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The Olde House

A Grade II Listed Building in Rearsby, Leicestershire

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Coordinates

Latitude: 52.723 / 52°43'22"N

Longitude: -1.0398 / 1°2'23"W

OS Eastings: 464951

OS Northings: 314365

OS Grid: SK649143

Mapcode National: GBR 9MY.7XY

Mapcode Global: WHFK4.0T59

Entry Name: The Olde House

Listing Date: 1 June 1966

Last Amended: 15 March 2005

Grade: II

Source: Historic England

Source ID: 1074486

English Heritage Legacy ID: 189547

Location: Rearsby, Charnwood, Leicestershire, LE7

County: Leicestershire

District: Charnwood

Civil Parish: Rearsby

Built-Up Area: Rearsby

Traditional County: Leicestershire

Lieutenancy Area (Ceremonial County): Leicestershire

Church of England Parish: Rearsby St Michael and All Angels

Church of England Diocese: Leicester

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Listing Text

REARSBY

285/3/81 MILL ROAD
01-JUN-66 (Northeast side)
8
THE OLDE HOUSE

(Formerly listed as:
MILL ROAD
8
YE OLDE HOUSE)
(Formerly listed as:
MILL STREET
8
YE OLD HOUSE)

GV II
House. Dated 1610 and 1613. For Jacob and Ruth Astill. C18 alterations and extensions, and restoration, internal alterations and rebuilding of one gable wall in 1935 for Sir Frank Craven.
EXTERIOR. Timber-framed on cobble plinth, with brick nogging in square panels with some arch bracing. Swithland slate roof with brick central ridge and right end stacks. Originally 3-unit lobby-entry plan with additional cross-wing on right. Later extension to service end which includes a projection of single storey and attic on far left. 2 storeys and attic. Windows all appear to be of 1935 and have leaded lights with some stained glass panels. In the main range, 4 lower casement windows, and 3 above at varying levels. One dormer in the roof and a tall axial stack with further stack on left gable end. Projecting cross-wing is jettied and has canted oriel bay window to ground and first floors: on the head of the lower, the date 1613, with initials A over IR. Right end projecting stack. Square panel framing overall. The original wattle and daub infill was replaced by brick nogging in 1935 using small bricks which may have been re-used. Smaller brick wing to far left, with one upperlight. Doorway and lean-tos on left end. Rear now has main entrance in gabled porch, square-panel framing as on front, leaded casements and two gabled dormers. Brick rebuilt gable to left.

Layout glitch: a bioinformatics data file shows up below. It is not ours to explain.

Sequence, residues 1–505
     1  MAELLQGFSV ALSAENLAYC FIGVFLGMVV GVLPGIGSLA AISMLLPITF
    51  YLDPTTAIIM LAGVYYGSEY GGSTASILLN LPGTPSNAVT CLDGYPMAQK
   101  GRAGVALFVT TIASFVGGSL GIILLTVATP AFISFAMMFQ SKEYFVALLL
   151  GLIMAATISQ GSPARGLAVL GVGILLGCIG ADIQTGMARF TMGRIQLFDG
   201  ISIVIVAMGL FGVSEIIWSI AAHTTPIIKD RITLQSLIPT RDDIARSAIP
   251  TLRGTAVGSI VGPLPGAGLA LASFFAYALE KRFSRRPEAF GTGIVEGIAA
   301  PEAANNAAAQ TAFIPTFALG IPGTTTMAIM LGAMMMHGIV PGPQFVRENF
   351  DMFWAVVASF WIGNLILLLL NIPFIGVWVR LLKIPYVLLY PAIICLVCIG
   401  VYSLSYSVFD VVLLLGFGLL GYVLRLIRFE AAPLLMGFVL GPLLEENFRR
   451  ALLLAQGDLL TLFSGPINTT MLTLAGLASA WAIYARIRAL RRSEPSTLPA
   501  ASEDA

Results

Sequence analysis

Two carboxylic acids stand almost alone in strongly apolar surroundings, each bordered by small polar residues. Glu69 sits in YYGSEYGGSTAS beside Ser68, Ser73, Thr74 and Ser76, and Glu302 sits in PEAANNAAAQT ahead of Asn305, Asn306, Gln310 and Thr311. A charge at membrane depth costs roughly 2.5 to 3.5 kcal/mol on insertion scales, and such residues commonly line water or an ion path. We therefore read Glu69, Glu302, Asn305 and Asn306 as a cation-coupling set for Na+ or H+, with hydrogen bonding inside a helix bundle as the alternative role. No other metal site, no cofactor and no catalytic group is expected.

INTERIOR.
The plan survives with lobby (original entrance now blocked) in front of back-to back fireplaces, that to left still with original bressumer with lead-filled carved date 1610 and IRA. Staircase well behind now has 1935 starcase which continues to attic in a former bedroom space now open to the roof. The heavy jowled posts of the main frame are mainly visible as are the bridging beams and joists. The former have wide plain chamfers typical of the early C17 and plain stops. The joists are chamfered in the right (viewed from road) ground-floor unit. The cross-wing ground floor room has a C20 character with covered beams. Framing of heavy scantling with corner bracing visible in part as are roof trusses. The main roof has coupled and pegged rafters along the whole length and orginal purlins in the staircase hall area. Elsewhere the purlins have been replaced at a different height.
In the principal bedroom on the cross-wing first floor one bridging beam could be original, the other appears to have originally been a gable-end tie beam and may have been that on the original rear gable end wall which was rebuilt in 1935, (initials and dates). There is an unusual ensuite bathroom of 1935 complete with fittings, cupboards and lights and with fine tiling in art deco panels in two shades of green.
HISTORY.
Jacob and Ruth Astill built the house in 1610-1613 (there is a carved date and initials on the wall post of the right unit room as well as the earlier date on the fireplace bressumer). The Astills remained owners until the late C17 or early C18 when the freehold was acquired by Richard Benskin (1671-1756). The Benskins remained in occupation as brewers and maltsters until the death of Edward Stanton Benskin in 1934. The house was then bought and restored by Sir Frank Craven.

This fine yeoman's house retains much of its original plan form and structure including good wall framing, the main roof structure and an open fireplace.

Sources.
Leics. C.R.O., and information from current owners which included an account of the work undertaken in 1935 as related by Mr. R. W. Dalby who was one of the restoration team employed.

This text is from the original listing, and may not necessarily reflect the current setting of the building.

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